The New Jersey Economic Development Authority is well known for its sometimes controversial practice of giving tax breaks to businesses in order to move to New Jersey or stay in the state. Less discussed are its many programs aimed at boosting high-tech startups with an array of tax break and investment strategies and even an accelerator facility that promotes research and development in small companies. The Edison Innovation Fund, the Angel Investor Tax Credit Program, and the Technology Business Tax Certificate Transfer, and the Commercialization Center for Innovative Technologies in North Brunswick together contribute millions in assistance and tax breaks to companies in the Route 1 corridor.

In its latest move, the government-run authority has become a tech investor itself by contributing $2.5 million to a fund raised by Edison Partners, the Witherspoon Street-based venture capital firm. It is an approach to economic development that appeals to Kathleen Coviello, director of the technology and life sciences division of the NJEDA, who was a venture capitalist banker for two years before joining the state authority 10 years ago.

The NJEDA has invested more than $40 million in venture capital over the years, including four previous Edison Partners (previously Edison Ventures) funds.

Coviello will speak at the New Jersey Technology Council’s Innovation Forecast on Thursday, February 11, from 1:30 to 5:30 p.m. at the Princeton Plasma Physics Laboratory. She will be part of a panel with other science, technology, and business luminaries from around the state, who will discuss innovations in different industries, how those innovations are funded, and new product pitches. Tickets are $70. For more information, visit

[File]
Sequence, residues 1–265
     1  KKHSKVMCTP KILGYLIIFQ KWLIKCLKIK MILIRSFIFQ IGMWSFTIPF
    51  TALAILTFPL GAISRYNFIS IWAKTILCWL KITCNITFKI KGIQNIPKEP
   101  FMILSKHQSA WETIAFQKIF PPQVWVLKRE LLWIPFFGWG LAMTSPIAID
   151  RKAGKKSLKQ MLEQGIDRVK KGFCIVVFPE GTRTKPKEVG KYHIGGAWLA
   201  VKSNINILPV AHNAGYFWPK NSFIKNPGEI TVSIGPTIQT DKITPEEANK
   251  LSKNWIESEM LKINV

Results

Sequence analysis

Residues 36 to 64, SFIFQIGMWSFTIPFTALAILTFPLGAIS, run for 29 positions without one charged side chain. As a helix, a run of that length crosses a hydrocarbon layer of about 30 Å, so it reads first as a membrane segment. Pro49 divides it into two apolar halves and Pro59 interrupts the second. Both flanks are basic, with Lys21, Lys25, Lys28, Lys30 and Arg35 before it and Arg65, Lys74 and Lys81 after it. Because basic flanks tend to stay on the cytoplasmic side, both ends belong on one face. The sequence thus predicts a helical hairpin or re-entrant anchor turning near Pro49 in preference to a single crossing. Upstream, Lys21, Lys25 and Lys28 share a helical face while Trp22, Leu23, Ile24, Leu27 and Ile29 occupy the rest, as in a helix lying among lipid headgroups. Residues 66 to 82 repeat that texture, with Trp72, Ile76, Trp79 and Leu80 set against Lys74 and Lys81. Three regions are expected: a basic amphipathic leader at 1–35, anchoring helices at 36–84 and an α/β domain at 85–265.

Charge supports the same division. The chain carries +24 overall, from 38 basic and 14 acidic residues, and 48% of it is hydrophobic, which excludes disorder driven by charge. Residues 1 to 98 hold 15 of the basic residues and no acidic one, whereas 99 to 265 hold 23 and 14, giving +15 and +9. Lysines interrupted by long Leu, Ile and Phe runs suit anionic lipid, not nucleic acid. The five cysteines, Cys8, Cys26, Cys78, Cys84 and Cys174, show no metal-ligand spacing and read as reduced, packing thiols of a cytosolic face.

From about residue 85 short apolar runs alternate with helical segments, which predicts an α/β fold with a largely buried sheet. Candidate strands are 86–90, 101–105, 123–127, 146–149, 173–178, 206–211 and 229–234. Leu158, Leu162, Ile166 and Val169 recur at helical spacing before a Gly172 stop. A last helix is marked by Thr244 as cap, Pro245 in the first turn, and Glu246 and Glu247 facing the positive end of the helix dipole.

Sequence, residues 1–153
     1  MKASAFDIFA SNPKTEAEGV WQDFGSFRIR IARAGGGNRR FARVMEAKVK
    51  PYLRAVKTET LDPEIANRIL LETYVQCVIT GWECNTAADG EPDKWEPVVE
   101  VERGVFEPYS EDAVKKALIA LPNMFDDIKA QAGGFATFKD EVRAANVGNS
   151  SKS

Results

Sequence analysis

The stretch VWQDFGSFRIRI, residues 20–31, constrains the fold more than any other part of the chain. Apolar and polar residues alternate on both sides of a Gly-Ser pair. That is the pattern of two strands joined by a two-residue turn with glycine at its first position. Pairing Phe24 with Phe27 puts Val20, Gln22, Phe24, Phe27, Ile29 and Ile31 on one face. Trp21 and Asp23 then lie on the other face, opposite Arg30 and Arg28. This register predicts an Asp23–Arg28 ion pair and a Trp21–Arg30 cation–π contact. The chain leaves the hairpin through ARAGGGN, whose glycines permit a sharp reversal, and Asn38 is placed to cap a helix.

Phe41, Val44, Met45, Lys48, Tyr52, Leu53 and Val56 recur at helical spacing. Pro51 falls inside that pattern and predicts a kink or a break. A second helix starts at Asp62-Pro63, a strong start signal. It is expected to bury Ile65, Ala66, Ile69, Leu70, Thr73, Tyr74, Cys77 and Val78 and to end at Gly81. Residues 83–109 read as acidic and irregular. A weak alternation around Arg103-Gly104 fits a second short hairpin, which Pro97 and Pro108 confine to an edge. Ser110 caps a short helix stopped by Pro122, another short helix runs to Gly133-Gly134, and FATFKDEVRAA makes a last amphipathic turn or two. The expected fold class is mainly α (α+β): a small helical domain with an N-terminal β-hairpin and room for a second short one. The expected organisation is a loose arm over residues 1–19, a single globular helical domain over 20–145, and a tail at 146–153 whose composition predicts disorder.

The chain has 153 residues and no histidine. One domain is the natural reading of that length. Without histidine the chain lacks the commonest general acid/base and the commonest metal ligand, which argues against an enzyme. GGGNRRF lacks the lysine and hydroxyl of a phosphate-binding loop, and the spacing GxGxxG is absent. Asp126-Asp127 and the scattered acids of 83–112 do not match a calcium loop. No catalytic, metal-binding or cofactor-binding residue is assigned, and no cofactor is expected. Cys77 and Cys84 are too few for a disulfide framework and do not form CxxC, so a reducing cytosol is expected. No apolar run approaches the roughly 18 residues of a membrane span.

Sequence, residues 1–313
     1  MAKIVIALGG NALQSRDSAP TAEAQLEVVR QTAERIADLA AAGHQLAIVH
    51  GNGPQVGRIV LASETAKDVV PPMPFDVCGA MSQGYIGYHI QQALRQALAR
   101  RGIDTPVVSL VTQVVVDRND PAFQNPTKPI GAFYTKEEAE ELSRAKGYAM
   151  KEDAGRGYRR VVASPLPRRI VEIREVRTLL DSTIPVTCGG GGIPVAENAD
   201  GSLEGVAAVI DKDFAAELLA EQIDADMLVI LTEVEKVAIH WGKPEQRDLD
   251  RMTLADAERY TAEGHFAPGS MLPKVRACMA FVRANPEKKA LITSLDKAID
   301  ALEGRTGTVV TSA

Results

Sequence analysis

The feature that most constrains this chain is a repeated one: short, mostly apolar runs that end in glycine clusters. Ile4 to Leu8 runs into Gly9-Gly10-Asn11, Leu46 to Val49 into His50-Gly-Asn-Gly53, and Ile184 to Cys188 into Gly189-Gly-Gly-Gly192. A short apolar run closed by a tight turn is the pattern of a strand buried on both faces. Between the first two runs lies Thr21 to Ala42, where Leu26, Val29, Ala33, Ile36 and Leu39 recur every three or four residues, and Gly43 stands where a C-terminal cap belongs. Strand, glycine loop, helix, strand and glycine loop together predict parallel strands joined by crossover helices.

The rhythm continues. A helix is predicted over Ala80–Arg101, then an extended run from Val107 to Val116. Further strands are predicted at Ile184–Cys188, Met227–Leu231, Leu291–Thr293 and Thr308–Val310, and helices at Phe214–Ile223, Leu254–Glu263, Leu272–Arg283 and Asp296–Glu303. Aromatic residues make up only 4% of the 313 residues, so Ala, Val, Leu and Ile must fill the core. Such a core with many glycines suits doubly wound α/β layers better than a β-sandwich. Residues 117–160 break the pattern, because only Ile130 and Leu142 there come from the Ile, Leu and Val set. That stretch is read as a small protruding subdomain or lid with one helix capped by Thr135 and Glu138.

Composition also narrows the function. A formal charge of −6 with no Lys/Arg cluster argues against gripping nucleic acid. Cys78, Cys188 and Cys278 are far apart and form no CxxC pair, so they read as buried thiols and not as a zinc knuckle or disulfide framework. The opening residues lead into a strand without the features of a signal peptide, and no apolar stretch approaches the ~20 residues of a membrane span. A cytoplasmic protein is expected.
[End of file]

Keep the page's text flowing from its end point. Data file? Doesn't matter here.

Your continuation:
Normally, when technology investors make forecasts, that forecast tells you something about where their dollars will flow next. But Coviello says she is only trying to supplement the work of private sector companies rather than decide where technology research will head. The NJEDA prefers to use an approach that allows the private sector to determine which companies will get the money.

“The Princeton area is booming at the moment,” Coviello said. Between the privately owned Tigerlabs accelerator on Nassau Street, the newly founded Entrepreneurial Hub at Princeton University on Chambers Street, and the Keller Center’s entrepreneurship programs, she sees a surge in startup energy taking place. “Princeton University is taking a new role in entrepreneurship past what we have seen historically,” Coviello said.

Another tech trend is a shift away from big pharma companies and toward earlier-stage biotech companies. “The growth in biotech, particularly on Route 1 and in Central Jersey, has been tremendous,” Coviello said. “New Jersey was recently recognized as the number one state for biotech. What we’re seeing on Route 1 is that our labs have been 100 percent occupied for at least a year and a half.”